• Exercise + diet
  • My mood

Tracking computer usage

I've used RescueTime in the past to track time spent on the computer. Although the Linux client doesn't get much love these days, it works well enough once it's setup. RescueTime automatically collects statistics silently in the background, so it's a pretty frictionless way of keeping tabs on things.

The RescueTime API provides plenty of ways to access information. The free version doesn't give access to document titles, so you can't track which websites you spend time on, but there's still enough information to build a good profile of where your time is spent.

If you use Google Chrome as your browser you can access the history database which is stored using SQLite. You still need to categorize sites into positive/negative productivity, but it's a start. Chrome History in R is a good place to start if you're interested in taking that route. I don't currently use it to build any stats, but I may integrate it at some point.

Tracking TODO items

Of all the to-do software I've used over the years, I've found Emacs + Org Mode suites my workflow the best. The learning curve is pretty steep, and it's certainly an acquired taste, but it's extremely powerful and configurable. It's probably the closest thing I've found to pen + paper, but with all the benefits of being digital (searchable, queryable etc).

Emacs itself is incredibly flexible, and Org Mode can generate summaries of time worked, along with a diary of work for each day. It can be extended with a little Lisp knowledge, although I use Perl for extracting detailed information as it has a few libraries for querying org files (and my Lisp knowledge is pretty poor).

Tracking exercise + diet

This one was a little trickier. There's no shortage of exercise tracking software, and wearable trackers are becoming even more prevalent. When I first started a regular fitness programme I used Traineo to track things. It's pretty nice to use, but there's no API which meant I couldn't access the data.

In the end I opted for the hacker approach and rolled my own solution. It didn't need to do anything particularly complex, just track exercise done, the times and calories burned. Org mode supports adding properties to any headline, so it can be used as an ad-hoc database.

With a little bit of tweaking it possible to just hit a few keystrokes and automatically insert your exercise.

Tracking my diet was the done in the same way. With a f keystrokes I can enter any data I need.

A key point was NOT to make things too complicated, but to give enough data so things can be charted.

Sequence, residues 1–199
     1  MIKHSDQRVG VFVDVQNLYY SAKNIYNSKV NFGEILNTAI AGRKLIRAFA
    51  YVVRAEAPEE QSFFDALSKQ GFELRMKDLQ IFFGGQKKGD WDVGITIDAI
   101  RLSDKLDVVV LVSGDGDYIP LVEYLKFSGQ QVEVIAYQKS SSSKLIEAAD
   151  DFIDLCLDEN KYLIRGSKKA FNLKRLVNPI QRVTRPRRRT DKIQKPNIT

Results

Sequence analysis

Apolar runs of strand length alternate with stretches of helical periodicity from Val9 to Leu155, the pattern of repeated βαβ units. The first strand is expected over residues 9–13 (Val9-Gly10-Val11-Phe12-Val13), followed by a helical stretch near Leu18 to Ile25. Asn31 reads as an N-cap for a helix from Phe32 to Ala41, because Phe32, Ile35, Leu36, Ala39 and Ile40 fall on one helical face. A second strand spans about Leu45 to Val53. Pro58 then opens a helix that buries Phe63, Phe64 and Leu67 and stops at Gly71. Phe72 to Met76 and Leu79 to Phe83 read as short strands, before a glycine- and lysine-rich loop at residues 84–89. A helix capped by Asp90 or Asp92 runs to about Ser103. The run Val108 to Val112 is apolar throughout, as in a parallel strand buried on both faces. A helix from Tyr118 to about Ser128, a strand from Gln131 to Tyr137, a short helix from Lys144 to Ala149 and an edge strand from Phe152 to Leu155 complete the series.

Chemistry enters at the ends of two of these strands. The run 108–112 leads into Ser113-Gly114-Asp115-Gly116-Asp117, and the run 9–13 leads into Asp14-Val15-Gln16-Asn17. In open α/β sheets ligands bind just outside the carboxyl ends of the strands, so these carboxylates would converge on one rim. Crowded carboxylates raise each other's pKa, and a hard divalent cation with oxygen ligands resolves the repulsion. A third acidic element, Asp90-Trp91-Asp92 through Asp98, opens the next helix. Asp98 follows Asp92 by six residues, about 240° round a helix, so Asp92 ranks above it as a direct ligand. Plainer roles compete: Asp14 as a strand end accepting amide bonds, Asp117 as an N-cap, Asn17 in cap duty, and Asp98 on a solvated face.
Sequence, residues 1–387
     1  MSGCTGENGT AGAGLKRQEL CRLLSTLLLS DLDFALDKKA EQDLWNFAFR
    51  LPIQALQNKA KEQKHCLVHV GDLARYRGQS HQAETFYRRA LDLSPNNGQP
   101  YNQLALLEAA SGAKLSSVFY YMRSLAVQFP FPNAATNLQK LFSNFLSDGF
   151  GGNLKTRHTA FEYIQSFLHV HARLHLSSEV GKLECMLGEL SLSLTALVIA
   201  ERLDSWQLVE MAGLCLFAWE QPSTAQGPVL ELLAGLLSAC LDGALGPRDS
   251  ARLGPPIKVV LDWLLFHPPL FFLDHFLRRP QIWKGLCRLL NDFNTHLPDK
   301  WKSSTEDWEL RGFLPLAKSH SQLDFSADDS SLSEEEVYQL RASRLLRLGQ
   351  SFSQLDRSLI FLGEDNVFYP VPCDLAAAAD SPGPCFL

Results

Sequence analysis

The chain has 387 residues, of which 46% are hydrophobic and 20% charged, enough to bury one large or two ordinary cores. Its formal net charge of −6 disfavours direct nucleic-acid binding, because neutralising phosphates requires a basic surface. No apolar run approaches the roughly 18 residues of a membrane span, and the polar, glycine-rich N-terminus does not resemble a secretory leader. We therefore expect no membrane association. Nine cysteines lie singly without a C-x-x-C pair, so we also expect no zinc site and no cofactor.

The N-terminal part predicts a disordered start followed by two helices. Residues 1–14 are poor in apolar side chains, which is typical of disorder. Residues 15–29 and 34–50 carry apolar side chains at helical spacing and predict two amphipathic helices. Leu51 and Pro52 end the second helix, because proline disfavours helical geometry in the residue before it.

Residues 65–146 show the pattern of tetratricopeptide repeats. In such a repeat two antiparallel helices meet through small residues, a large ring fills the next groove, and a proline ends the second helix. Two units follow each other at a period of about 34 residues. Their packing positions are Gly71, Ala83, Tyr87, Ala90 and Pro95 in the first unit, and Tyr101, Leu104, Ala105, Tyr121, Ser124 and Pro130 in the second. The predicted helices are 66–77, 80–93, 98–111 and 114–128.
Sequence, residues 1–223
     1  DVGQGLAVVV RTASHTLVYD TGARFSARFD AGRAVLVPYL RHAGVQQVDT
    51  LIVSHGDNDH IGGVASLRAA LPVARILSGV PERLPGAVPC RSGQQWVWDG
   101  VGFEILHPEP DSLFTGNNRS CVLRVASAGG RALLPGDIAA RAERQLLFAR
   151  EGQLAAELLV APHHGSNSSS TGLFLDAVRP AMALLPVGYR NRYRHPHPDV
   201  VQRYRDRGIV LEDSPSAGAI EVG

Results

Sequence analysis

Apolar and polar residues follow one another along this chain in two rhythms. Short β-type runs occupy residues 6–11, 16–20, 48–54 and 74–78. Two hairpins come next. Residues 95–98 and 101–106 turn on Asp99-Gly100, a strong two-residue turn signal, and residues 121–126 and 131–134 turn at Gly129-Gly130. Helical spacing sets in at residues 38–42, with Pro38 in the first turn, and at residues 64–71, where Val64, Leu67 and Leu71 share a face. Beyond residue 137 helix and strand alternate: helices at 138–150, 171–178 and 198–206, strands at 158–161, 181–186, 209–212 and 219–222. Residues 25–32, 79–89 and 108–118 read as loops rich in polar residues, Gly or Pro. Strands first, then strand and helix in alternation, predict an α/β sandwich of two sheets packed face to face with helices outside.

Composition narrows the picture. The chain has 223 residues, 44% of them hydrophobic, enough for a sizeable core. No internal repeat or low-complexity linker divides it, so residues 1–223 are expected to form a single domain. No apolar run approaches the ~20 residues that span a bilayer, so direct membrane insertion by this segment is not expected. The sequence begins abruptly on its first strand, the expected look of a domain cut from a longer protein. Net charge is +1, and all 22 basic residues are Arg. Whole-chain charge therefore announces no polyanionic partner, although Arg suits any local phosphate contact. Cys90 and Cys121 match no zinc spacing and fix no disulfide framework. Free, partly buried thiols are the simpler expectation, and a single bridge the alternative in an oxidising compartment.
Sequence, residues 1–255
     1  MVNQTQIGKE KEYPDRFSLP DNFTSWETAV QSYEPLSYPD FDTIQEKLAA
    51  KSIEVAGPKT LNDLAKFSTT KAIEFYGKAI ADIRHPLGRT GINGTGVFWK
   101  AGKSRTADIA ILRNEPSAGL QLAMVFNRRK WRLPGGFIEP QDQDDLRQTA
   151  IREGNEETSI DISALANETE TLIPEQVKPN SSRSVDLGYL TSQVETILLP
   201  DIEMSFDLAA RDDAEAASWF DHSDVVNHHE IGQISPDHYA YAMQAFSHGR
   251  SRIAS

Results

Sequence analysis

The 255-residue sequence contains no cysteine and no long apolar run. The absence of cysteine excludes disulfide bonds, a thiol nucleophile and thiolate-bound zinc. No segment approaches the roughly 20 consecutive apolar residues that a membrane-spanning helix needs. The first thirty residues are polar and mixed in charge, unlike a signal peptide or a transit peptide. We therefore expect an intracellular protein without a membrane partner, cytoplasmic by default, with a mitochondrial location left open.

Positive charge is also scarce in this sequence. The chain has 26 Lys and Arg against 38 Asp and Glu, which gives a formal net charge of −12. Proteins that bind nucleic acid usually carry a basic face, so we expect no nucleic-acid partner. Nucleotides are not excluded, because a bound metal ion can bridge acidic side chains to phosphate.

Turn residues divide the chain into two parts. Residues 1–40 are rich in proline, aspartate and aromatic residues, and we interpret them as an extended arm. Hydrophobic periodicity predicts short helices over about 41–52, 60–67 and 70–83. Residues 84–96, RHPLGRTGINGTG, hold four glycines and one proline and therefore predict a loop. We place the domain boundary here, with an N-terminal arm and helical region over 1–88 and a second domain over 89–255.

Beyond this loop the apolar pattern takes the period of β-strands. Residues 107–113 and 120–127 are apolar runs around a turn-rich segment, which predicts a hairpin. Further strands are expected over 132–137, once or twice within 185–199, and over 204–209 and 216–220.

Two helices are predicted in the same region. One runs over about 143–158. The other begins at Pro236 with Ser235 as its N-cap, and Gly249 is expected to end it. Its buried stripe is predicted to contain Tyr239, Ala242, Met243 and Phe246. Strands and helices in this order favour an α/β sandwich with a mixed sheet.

Tracking mood

As with the exercise planning, Emacs was the winner here. The biggest problem with tracking mood is it can be quite difficult to quantify. It's also relative to how I've recently felt - much like temperature. 70f feels cold in summer but warm in winter.

To begin with I tracked mood as a simple 1 - 10 scale, with 1 being miserable and 10 being happy, but after a few days it became clear this wasn't going to be as useful as I thought.

There's a lot more to be said about this, but for now I use two measurements: positive/negative mood and relaxed/stressed.

Tools Used

I tried to keep things based around my current workflow. I use emacs org-mode for most of my project management, so most of my manually tracked data is done with org-mode.

Turning all the data into something human readable is a bit of a Rube Goldberg experience. I use a Perl script to extract info from my org files so they can be stored in an Sqlite database. A PHP script then generates the various HTML files for monthly & yearly reports. It's not as elegant as I'd like, but it only takes ~60 seconds to generate all the reports and deploy them, so for now it's good enough.

For more information on the build process, check out "how it's made".

Publishing my Stats

You can view all my statistics from January 2012 onwards in the "bits" section.

Posted in: Productivity | Comments (0)


New Guide: Personal Development Blogs List

I've just added a new guide to the site: Personal Development Blogs List. It's a list of popular personal development blogs, ordered by their Alexa rank. I've been pretty liberal with what can go on the list, and any blog that focuses on helping other people to achieve more is a good fit.

At the moment there are just under 30 blogs on the list, but I hope to grow that over time.

If you have a blog you'd like added to the list, just leave a comment and I'll update things.

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New "Guides" Section

I've recently updated the site and added a new section for guides. I'm not completely sure of what will end up there but at the moment the section contains two guides:

  • Emacs Extensions – A list of useful extensions for Emacs. Grouped into categories for writers, programmers and general usage.
  • Pomodoro Apps – A visual guide of pomodoro apps. Not much going on at the moment, but there's a hefty list of apps to add at the moment.

The resources section has also been given a minor facelift, and each printable now has its own page with a brief description and much larger preview image.